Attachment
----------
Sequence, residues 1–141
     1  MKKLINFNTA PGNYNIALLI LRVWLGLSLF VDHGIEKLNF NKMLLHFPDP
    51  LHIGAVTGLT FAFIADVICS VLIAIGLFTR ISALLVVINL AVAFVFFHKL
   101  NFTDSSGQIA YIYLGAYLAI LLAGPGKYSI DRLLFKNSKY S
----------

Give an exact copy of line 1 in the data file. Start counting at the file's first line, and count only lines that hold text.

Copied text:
Sequence, residues 1–141